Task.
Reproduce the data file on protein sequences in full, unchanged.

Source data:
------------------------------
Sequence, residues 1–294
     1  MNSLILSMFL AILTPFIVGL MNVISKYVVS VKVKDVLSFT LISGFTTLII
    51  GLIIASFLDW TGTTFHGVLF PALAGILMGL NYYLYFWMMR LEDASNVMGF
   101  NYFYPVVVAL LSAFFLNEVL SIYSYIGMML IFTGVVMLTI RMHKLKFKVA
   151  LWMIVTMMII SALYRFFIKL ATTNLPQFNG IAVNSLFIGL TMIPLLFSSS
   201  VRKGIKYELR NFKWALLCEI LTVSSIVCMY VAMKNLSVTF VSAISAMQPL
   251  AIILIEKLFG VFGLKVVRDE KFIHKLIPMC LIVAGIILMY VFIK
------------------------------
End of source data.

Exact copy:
Sequence, residues 1–294
     1  MNSLILSMFL AILTPFIVGL MNVISKYVVS VKVKDVLSFT LISGFTTLII
    51  GLIIASFLDW TGTTFHGVLF PALAGILMGL NYYLYFWMMR LEDASNVMGF
   101  NYFYPVVVAL LSAFFLNEVL SIYSYIGMML IFTGVVMLTI RMHKLKFKVA
   151  LWMIVTMMII SALYRFFIKL ATTNLPQFNG IAVNSLFIGL TMIPLLFSSS
   201  VRKGIKYELR NFKWALLCEI LTVSSIVCMY VAMKNLSVTF VSAISAMQPL
   251  AIILIEKLFG VFGLKVVRDE KFIHKLIPMC LIVAGIILMY VFIK